Exploding Myths about Poverty

The news photos were dramatic: They showed four high-rise buildings being blown sky-high—the destruction of a public housing project in Newark, New Jersey. One photo, taken just as the explosives were ignited, showed the buildings tilting precariously, dust billowing on all sides. In the second photo, the buildings had been reduced to massive piles of rubble. This demolition project is not just another urban renewal program. It has a much deeper significance: It echoes the death sentence of the Great Society. As the mayor of Newark put it, the explosion represents "the end of an American dream that failed." You see, the Great Society grew from the dream that government social planning could eliminate poverty and solve our country's social problems. Modern social philosophers were inspired by the scientific optimism of the Enlightenment. They dreamed of finding what they called a "social physics," a set of laws governing the way individuals interact, just as the laws of physics govern the way atoms interact. They hoped to use rational scientific planning to map out the ideal society. In the 1950s and 1960s, those dreams took flesh as they were backed by government funding. Public housing was one of the brainstorms of that era. Great, hulking structures were erected, where the style itself reflected the modernist vision: The buildings were scientifically functional, constructed of steel and concrete. Their lines were stark and impersonal, their only goal utilitarian: to warehouse as many people as efficiently as possible. The result was not homes but human cages. But humans are not animals and they cannot live in cages. Soon the walls were defaced by graffiti, the elevators stopped working, criminals stalked the hallways. With no safe places to play, children huddled in gangs. The housing projects designed with such scientific care turned into seedbeds of crime and misery. Residents hated them. When the Newark housing project was blown up, former residents watched and cheered. This is not the first time a housing project was blown up. The trend started with the Pruitt-Igoe project in St. Louis in 1972. That explosion sent social planners into shock. Historian Charles Jencks even considers the destruction of the St. Louis project the end of the modern era. In other words, what we're seeing is not just the demolition of a couple of old buildings. We're seeing the collapse of modernist social philosophy—the idea that society can be redesigned according to an abstract "social physics." Today most people agree that the Great Society has failed. Several states are experimenting with new approaches to poverty and welfare. This is a marvelous opportunity for Christians to promote a truly biblical social philosophy—one that treats people not as social atoms to be engineered but as image-bearers of God, with dignity and responsibility. Even the buildings we design to house the poor reflect our view of human life. A secular society builds cages, and it's up to you and me to argue for a biblical and humane perspective in shaping public policy. Otherwise even our best schemes may end up once more as piles of rubble.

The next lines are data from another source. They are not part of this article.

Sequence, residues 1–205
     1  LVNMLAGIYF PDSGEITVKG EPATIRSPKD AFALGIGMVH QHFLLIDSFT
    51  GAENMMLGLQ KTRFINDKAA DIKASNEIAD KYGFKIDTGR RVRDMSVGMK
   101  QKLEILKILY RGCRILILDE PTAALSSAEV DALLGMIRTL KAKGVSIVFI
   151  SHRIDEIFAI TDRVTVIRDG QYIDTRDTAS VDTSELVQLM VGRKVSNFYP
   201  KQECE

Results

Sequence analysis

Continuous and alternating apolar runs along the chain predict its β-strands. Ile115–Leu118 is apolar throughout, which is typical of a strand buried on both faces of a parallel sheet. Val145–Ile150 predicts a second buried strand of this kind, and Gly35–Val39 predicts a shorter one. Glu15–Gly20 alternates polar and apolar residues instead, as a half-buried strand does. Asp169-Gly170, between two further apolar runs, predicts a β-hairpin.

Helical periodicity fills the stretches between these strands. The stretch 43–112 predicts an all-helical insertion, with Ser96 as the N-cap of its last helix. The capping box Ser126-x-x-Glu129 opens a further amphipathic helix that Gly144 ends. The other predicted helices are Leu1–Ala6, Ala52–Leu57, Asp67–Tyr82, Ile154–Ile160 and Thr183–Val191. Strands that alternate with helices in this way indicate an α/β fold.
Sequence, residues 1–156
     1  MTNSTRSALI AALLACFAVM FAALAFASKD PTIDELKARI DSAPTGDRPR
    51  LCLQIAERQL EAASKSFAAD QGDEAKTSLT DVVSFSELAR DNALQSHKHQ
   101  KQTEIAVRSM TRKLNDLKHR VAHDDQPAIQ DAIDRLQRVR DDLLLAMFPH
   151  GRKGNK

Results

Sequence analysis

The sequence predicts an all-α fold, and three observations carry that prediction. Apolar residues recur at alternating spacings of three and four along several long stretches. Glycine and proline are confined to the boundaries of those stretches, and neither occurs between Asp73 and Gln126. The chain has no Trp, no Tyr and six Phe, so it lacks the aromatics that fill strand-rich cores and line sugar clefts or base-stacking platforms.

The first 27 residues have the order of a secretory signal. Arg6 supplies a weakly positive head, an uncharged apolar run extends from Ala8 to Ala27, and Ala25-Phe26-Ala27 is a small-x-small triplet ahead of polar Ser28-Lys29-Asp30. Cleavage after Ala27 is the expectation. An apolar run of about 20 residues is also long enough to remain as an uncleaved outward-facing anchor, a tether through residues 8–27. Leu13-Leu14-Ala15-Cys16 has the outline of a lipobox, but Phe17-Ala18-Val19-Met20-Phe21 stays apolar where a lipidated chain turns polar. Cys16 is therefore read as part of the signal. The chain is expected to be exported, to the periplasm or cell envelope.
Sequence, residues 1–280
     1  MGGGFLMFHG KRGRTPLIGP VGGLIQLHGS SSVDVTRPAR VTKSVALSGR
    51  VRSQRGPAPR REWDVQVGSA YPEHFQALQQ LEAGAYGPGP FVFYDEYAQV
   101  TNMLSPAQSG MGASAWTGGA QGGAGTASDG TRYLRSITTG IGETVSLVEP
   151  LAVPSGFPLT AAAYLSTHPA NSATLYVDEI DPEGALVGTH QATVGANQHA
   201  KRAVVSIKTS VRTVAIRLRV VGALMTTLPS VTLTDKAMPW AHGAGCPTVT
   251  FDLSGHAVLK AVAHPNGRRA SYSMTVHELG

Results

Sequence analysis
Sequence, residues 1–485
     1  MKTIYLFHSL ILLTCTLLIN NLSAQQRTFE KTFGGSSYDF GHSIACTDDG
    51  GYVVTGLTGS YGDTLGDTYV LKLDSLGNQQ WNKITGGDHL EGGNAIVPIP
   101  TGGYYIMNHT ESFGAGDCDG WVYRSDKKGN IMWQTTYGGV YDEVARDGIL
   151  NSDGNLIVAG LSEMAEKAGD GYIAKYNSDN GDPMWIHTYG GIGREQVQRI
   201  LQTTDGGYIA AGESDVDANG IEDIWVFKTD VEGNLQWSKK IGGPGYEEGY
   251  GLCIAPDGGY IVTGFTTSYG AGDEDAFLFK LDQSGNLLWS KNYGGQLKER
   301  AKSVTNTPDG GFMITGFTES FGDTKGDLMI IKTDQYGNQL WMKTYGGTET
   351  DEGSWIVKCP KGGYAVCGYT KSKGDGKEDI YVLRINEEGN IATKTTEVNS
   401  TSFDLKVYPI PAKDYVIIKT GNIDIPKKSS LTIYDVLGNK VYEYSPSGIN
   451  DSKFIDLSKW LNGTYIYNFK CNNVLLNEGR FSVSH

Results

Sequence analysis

Chuck Colson


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